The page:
To me, that level of uncertainty is a strong argument for retaining Mark Richt, as the likelihood of improving upon his level of success over the last decade is low. However, the three head coaching hires the Bulldogs have made in my lifetime took the three available avenues of approach: promote from within (Ray Goff), bring in a head coach who had been successful with a smaller program (Jim Donnan), and hire an up-and-coming young coordinator from a national championship-caliber program (Mark Richt). There’s no question which one of those three approaches worked out the best, so, if a change must be made, I would prefer to chart the course that appears most likely to produce positive results.
When asked for his take, Roll Bama Roll’s kleph noted that Coach Saban "urges his assistants to take advantage of job opportunities as long as they are advancements"; last year’s offer from Georgia was not, but this year’s offer from Georgia would be. Coach Smart’s salary currently is tied with Todd Grantham’s as the highest in the SEC for a defensive coordinator, so the next logical step for Coach Smart is to the head coaching post I predicted in the preseason he would accept this December.
A return to his alma mater would be a good move for Coach Smart, since, as kleph observes (in characteristic lower-case), "he stays in the SEC where the style of play he's learned under [C]oach [S]aban has proven successful and where he won't be competing annually against his mentor. . . . [F]rom a [G]eorgia standpoint it makes sense in that you get a young coach who[’s] been behind the resurgence of one of the sport's greatest defensive powers. [I]t makes even more sense when you consider [C]oach [G]rantham is already a year into the transition to the 3-4 both as a scheme on the field and in terms of recruiting players."
Finally, kleph points out an interesting historical parallel. In 1929, Wallace Wade left Tuscaloosa to go to Durham, and he recommended that Alabama’s president, George H. Denny, hire a Georgia assistant, Frank Thomas. Denny heeded Coach Wade’s advice, and the hire worked out well for the Crimson Tide, so, really, they owe us one. Consider Kirby Smart the head coach to be named later in the Frank Thomas trade.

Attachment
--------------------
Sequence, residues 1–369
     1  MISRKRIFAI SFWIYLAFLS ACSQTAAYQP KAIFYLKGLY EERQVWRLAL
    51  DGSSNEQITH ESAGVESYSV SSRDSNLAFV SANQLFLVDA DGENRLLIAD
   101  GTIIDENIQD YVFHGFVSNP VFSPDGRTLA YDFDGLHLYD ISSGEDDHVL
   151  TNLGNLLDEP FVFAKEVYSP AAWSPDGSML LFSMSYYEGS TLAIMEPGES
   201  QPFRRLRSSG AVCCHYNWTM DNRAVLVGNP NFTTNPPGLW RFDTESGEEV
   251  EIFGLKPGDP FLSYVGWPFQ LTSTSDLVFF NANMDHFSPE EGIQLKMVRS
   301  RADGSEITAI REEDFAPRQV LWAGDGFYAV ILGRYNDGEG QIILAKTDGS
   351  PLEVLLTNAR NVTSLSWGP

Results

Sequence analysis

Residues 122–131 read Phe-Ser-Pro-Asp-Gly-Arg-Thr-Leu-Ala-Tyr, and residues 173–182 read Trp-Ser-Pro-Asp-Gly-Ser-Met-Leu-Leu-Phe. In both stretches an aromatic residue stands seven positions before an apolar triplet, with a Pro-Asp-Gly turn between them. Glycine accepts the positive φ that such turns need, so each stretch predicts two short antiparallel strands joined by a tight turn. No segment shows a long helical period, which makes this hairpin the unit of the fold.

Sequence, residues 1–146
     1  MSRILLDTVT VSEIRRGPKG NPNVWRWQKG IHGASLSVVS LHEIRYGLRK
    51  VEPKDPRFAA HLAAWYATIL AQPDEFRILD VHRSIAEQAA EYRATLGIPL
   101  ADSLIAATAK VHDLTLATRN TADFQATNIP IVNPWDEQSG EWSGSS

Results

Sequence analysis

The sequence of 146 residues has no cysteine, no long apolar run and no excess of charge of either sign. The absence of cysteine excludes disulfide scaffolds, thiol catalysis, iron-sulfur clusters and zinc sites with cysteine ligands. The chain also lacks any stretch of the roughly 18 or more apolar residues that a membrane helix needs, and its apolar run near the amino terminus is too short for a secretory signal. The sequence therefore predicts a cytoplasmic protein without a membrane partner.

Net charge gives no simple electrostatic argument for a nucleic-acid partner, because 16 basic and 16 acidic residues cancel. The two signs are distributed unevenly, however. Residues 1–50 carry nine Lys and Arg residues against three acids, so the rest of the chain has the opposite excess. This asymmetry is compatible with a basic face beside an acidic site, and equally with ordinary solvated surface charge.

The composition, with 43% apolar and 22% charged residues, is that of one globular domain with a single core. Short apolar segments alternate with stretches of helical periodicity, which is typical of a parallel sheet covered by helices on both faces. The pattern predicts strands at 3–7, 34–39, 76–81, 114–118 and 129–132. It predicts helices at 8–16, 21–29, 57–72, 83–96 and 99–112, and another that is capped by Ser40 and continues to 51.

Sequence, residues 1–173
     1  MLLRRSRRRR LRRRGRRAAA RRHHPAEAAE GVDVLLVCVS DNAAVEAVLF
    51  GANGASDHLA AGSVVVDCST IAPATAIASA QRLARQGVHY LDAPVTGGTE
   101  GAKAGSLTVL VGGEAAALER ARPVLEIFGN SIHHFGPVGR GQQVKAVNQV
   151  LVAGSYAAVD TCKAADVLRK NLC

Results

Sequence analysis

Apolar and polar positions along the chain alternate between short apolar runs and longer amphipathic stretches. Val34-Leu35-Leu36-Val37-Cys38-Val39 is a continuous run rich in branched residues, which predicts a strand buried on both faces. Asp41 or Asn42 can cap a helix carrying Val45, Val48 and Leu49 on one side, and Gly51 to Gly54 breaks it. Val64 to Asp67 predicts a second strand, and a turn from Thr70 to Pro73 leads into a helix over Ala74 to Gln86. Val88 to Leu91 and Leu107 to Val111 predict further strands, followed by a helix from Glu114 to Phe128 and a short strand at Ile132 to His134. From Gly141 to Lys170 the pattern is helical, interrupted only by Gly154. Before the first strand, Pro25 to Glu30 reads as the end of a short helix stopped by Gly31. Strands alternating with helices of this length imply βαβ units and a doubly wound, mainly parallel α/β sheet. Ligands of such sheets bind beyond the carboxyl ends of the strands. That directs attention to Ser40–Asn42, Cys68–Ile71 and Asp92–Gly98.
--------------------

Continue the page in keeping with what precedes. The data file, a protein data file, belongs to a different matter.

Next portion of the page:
On the whole, then, I believe Coach Smart is an excellent candidate, I believe he would take the job if offered, and I believe Greg McGarity's first call should be to Kirby Smart if the time comes to replace Mark Richt. Still, every plan must have a backup, which brings us to my second choice:
While Boise State has grabbed most of the mid-major headlines on behalf of the weak WAC, Texas Christian has been as strong a program in the toughest non-AQ conference. (The two teams have split a pair of bowl meetings in the last two seasons.) Currently, the Horned Frogs rank fifth nationally in scoring defense (making this the fifth straight year that TCU has been a top ten team in that category) and third nationally in total defense (after finishing first in the country in that category for the past two years).
In addition to being stout defensively, the Horned Frogs have won consistently and have acquitted themselves capably against teams from the "big six" conferences. Texas Christian has won ten or more games in six of the last eight seasons, including four of the last five. Against opponents from AQ leagues, Coach Patterson’s TCU squads have gone 15-4 in the last nine seasons, with wins over Northwestern in 2002, Vanderbilt and Arizona in 2003, Northwestern in 2004, Oklahoma and Iowa State in 2005, Baylor and Texas Tech in 2006, Baylor and Stanford in 2007, Stanford in 2008, Virginia and Clemson in 2009, and Oregon State and Baylor in 2010.